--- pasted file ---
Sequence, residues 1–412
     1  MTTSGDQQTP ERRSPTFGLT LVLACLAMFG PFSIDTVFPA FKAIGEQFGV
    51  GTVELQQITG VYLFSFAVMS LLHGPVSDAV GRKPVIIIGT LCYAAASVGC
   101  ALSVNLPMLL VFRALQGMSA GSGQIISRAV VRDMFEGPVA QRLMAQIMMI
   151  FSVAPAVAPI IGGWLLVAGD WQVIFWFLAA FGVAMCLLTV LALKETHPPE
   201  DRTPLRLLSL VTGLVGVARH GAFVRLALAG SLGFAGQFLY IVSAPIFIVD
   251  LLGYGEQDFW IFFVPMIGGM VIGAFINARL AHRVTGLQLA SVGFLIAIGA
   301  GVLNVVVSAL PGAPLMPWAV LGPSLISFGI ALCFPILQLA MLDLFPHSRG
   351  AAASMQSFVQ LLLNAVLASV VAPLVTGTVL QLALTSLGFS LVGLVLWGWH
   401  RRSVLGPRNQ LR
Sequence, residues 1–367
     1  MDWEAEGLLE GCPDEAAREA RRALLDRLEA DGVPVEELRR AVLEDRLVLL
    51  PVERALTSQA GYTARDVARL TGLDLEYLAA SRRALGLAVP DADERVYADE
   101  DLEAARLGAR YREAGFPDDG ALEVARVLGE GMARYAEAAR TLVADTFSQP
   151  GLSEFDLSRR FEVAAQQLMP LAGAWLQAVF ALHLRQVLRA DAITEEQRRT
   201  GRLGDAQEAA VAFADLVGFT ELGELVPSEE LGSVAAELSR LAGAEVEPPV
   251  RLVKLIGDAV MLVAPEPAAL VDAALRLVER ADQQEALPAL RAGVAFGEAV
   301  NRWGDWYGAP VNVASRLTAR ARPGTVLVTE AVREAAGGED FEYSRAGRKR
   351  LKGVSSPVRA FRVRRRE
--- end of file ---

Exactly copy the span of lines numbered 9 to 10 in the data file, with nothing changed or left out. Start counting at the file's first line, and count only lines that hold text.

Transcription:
   351  AAASMQSFVQ LLLNAVLASV VAPLVTGTVL QLALTSLGFS LVGLVLWGWH
   401  RRSVLGPRNQ LR